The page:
Divorce Settlement Does Not Prevent Later Claim

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17th September 2015

Claims by dependants who are excluded from estates from which they might reasonably expect to benefit can, in appropriate circumstances, be made under the Inheritance (Provision for Family and Dependants) Act 1975. However, divorce settlements normally contain a clause which prohibits a claim against the estate of the first to die being made by the former spouse.

A recent case dealt with an interesting question: what would happen if a divorced couple who had agreed to such a term began to cohabit again some time after their divorce?

In the case in point, the couple had married in the 1970s and divorced in 1981. In 1996, the law was changed to allow a cohabitee to bring a claim against their deceased partner’s estate. A claim under the Act may now be made by:

  1. a spouse or civil partner of the deceased;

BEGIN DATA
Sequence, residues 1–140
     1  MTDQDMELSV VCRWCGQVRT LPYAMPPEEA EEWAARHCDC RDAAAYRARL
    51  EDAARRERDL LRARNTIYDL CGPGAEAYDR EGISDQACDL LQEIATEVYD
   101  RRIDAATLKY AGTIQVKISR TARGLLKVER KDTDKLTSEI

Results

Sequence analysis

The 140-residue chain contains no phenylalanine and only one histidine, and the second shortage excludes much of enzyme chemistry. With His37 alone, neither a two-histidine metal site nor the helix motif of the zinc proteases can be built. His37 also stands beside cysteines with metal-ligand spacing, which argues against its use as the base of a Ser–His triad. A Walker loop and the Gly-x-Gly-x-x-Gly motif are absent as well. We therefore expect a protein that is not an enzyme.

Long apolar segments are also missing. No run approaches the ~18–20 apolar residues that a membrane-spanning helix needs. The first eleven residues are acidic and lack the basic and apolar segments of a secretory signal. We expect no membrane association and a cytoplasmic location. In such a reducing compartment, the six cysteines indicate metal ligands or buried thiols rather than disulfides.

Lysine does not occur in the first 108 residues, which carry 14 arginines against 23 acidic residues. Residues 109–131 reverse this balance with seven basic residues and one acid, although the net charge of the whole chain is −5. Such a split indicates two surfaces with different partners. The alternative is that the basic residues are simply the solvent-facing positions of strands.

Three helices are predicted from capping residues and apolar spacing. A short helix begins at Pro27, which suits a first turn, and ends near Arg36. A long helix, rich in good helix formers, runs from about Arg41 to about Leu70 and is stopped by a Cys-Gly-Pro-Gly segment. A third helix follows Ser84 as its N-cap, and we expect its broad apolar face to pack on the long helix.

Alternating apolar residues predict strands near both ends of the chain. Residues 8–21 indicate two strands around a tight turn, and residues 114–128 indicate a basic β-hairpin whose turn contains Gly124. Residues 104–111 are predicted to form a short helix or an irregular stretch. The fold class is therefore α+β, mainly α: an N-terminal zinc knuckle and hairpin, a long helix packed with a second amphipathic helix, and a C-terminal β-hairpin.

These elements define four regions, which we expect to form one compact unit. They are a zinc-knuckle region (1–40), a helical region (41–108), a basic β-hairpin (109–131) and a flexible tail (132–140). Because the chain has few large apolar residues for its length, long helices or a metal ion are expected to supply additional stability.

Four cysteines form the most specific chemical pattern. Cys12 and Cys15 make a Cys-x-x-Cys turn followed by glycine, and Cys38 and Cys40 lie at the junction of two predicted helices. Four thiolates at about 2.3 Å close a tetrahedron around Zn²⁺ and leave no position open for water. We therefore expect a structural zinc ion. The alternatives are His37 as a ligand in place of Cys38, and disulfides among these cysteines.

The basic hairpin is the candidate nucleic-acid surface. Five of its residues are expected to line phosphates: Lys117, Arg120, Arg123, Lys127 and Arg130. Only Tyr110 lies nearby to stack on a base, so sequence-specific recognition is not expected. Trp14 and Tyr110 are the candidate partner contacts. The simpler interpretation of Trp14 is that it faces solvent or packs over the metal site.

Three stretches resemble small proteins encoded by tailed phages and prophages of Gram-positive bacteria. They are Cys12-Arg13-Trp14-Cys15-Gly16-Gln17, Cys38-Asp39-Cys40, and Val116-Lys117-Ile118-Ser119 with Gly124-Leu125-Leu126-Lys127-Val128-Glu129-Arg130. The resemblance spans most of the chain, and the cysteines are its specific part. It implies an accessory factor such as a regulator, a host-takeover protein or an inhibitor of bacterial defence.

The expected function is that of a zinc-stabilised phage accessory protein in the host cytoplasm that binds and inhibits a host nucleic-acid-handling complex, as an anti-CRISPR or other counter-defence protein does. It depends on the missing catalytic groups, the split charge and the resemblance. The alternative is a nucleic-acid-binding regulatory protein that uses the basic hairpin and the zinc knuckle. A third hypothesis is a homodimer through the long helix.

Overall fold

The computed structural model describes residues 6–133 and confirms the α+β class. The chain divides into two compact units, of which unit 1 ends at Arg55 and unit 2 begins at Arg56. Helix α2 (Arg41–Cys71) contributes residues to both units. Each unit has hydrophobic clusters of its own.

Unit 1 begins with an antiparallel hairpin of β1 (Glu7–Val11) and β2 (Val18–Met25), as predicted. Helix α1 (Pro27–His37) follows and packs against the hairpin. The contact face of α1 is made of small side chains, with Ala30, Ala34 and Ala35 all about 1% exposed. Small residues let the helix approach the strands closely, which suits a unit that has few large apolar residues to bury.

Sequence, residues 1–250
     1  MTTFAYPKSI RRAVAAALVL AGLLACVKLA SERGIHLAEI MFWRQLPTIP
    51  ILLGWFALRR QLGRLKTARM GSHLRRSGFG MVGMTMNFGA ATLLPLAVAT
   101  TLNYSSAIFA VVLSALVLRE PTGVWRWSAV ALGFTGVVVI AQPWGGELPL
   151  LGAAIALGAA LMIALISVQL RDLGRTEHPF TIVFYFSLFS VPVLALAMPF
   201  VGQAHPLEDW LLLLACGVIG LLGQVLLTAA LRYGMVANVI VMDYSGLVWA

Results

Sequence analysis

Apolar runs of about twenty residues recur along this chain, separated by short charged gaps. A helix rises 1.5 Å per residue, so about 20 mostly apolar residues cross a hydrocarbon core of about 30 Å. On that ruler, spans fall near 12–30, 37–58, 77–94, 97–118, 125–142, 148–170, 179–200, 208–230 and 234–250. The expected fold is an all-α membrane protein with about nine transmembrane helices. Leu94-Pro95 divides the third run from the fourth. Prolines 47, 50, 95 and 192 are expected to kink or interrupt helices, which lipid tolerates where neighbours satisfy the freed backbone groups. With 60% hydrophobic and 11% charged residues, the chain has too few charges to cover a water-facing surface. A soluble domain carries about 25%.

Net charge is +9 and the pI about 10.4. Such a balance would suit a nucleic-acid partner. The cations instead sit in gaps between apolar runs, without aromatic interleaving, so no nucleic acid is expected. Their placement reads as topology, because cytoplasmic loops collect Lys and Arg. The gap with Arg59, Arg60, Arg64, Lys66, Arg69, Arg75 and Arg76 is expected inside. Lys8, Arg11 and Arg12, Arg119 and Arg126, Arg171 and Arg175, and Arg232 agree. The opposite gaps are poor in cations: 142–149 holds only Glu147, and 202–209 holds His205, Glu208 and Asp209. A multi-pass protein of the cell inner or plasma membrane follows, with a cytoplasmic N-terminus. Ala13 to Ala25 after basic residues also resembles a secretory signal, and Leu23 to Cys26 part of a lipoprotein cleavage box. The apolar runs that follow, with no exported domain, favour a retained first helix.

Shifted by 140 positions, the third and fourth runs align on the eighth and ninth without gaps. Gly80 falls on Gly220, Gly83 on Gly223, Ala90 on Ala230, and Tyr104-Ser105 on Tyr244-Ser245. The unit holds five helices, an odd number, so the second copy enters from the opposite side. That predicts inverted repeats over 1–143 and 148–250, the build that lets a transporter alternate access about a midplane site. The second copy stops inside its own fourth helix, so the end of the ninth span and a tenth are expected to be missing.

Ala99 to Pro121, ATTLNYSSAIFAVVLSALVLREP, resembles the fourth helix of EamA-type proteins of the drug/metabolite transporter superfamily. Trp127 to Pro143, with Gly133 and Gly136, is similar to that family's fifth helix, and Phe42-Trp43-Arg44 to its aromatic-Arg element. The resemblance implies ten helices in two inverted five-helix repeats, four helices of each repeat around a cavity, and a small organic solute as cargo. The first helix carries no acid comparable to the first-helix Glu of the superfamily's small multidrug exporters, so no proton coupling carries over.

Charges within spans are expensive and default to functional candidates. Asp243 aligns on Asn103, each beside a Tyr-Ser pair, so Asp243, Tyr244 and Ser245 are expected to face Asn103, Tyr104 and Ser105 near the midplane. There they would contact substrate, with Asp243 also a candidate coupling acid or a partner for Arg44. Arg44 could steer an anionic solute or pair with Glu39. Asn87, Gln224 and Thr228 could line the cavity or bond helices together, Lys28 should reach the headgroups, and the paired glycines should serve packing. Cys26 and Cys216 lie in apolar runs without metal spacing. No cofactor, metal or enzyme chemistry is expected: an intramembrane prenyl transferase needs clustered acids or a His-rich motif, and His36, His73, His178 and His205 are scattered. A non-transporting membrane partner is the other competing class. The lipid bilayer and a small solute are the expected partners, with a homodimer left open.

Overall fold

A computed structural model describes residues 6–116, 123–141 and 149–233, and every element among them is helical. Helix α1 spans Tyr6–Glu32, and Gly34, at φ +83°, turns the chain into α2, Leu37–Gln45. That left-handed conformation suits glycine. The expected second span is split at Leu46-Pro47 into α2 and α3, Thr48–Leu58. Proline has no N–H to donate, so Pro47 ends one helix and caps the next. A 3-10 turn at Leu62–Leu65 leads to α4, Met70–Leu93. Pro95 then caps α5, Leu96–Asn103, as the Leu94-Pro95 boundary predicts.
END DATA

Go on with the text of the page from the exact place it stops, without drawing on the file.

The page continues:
2. a former spouse or civil partner who has not remarried
  3. a cohabitee of the deceased;
  4. a child of the deceased or a person treated as a child; and
  5. a dependant of the deceased.

The two started to live together again but never remarried. When the man died, his ex-wife, who stood to inherit nothing under his will, brought a claim against his estate.

The claim was opposed by the man’s sons. They argued that the divorce settlement prohibited her from making a claim under the Act. They also argued that the two, whilst living in the same house, were not cohabiting.

The High Court ruled that, given the particular facts of the case, there was nothing to prevent the ex-wife’s claim from being brought. The circumstances of those involved had changed sufficiently for the original financial settlement to no longer be applicable. The next phase of court proceedings will be to determine whether in fact she qualifies as a cohabitant.

For advice on any aspect of marriage break-up or on a potential claim on the estate of someone on whom you have been dependent or with whom you have cohabited, contact our team of experts 01639 885261 and take the opportunity to book one of our fixed fee appointments.


The contents of this article are intended for general information purposes only and shall not be deemed to be, or constitute legal advice. We cannot accept responsibility for any loss as a result of acts or omissions taken in respect of this article.